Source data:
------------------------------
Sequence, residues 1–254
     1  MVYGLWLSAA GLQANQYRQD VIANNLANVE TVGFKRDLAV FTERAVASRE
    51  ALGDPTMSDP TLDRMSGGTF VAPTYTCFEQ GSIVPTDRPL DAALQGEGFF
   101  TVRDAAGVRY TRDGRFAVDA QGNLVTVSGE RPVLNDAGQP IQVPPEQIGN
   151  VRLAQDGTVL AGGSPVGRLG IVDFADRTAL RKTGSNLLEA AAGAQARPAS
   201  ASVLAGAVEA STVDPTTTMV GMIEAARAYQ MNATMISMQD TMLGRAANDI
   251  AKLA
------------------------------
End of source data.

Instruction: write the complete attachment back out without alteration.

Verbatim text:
Sequence, residues 1–254
     1  MVYGLWLSAA GLQANQYRQD VIANNLANVE TVGFKRDLAV FTERAVASRE
    51  ALGDPTMSDP TLDRMSGGTF VAPTYTCFEQ GSIVPTDRPL DAALQGEGFF
   101  TVRDAAGVRY TRDGRFAVDA QGNLVTVSGE RPVLNDAGQP IQVPPEQIGN
   151  VRLAQDGTVL AGGSPVGRLG IVDFADRTAL RKTGSNLLEA AAGAQARPAS
   201  ASVLAGAVEA STVDPTTTMV GMIEAARAYQ MNATMISMQD TMLGRAANDI
   251  AKLA